The statistical analysis was done by SPSS 184.108.40.206 Data are presented as means ± SD (standard deviation). Differences in the measured variables between groups were assessed by a Fisher's Least Significant Difference test. Significance was set at P < .05.
Serum amylase activity was significantly lower in Groups II–IV than that in Group I (0 hour; range, 2000–3500 IU/L) (Group II [6 hours] [P < .05]; Groups III [12 hours] and IV [24 hours] [both P < .01]) (Fig 1A). Pancreatic histology from Group II showed severe vacuolization and loss of islets of Langerhans. Group III showed an extensive loss of islets of Langerhans with necrosis. Group IV showed extensive loss of islets of Langerhans, necrosis, and hemorrhage in the remaining islets (Fig 1B and C).
There was more histological evidence of lung injury in Groups II, III, and IV than in Group I (Fig 2A), with severe hemorrhage, interstitial thickening, and cellular infiltration in the interstitium and alveolar compartments. In addition, Group III showed greater interstitial thickening, and Group IV showed thickening of the bronchial cartilage. Lung histological scores were significantly higher (P < .05) in Groups II–IV than in Group I (Fig 2B).
Serum AST and ALT activity were significantly (P < .05) higher in Group IV than in Groups I (AST; range, 50–80 IU/L and ALT; range, 25–45 IU/L), II, and III (Fig 3A and B). Liver histopathology from Groups II and III showed mild changes in sinusoids. However, Group IV showed severe hepatic necrosis with rounding up of sinusoidal endothelial cells, congestion, sinusoidal alteration, destruction of the sinusoidal lining, and severe hemorrhage (Fig 3C and D).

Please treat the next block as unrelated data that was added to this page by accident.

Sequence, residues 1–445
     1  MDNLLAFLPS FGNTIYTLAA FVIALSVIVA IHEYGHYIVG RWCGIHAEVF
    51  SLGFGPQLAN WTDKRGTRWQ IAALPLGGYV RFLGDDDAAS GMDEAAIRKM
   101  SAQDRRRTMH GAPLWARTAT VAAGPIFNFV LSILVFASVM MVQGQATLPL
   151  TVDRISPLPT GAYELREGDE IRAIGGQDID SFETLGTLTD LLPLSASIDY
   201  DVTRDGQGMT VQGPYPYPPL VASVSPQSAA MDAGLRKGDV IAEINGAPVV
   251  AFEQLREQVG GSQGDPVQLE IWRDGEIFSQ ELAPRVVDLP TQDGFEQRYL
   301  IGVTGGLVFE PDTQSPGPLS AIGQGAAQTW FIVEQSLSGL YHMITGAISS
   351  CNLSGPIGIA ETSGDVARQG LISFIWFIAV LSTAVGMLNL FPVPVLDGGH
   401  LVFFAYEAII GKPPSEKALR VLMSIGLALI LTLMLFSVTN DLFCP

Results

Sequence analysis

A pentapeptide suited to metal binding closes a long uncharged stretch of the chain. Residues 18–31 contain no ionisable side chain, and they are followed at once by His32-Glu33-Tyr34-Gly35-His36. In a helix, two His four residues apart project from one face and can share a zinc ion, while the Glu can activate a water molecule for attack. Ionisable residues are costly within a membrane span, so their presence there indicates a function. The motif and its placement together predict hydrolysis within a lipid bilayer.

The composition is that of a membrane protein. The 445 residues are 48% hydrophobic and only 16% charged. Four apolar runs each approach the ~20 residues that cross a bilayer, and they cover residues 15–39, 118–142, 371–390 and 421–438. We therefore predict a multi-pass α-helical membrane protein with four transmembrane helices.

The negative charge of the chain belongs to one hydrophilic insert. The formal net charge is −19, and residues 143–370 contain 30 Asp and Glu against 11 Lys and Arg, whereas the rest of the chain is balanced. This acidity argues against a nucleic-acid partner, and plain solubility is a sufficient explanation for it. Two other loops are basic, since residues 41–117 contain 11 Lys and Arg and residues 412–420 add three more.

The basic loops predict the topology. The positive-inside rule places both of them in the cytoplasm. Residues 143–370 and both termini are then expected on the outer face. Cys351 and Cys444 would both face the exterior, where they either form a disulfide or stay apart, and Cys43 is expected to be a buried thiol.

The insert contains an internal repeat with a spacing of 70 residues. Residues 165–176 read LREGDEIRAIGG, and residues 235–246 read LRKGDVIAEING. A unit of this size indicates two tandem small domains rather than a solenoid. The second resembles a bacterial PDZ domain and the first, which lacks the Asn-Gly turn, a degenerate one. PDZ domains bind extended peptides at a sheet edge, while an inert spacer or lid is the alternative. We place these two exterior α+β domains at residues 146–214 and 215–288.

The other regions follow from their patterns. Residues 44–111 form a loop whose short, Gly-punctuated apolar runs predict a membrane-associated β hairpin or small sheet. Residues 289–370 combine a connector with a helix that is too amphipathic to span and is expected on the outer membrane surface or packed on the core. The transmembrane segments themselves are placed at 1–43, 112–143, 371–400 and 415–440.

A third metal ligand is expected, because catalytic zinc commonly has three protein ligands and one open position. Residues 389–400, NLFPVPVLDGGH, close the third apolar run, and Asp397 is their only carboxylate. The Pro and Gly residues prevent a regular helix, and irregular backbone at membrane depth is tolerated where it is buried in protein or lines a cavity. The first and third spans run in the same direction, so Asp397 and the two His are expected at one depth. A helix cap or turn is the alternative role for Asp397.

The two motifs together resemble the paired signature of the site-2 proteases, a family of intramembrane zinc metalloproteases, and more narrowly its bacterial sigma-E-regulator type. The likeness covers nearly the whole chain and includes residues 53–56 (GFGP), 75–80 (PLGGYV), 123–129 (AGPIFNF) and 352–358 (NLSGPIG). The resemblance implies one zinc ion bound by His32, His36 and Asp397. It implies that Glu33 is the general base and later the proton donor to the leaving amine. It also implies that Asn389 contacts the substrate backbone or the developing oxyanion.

Serum amylase activity was significantly higher in Groups III and V (treated with monocrotaline and 1 mL/kg of sesame oil or peanut oil) than in Group II (treated with monocrotaline only) (Fig 4A). However, there were no significant differences in Groups IV and VI (treated with monocrotaline and 2 mL/kg of sesame oil or peanut oil) compared with Group II. Pancreatic pathology, however, showed significant differences in Groups III–VI compared with Group II (Fig 4B and C).
Lung pathology from Groups III and V showed a marked decrease in hemorrhage, interstitial thickening, and mild cellular infiltration in the interstitium and alveolar compartments compared with Group II (Fig 5A). Lung histological scores were significantly lower (P < .05) in Groups III–VI than in Group II (Fig 5B).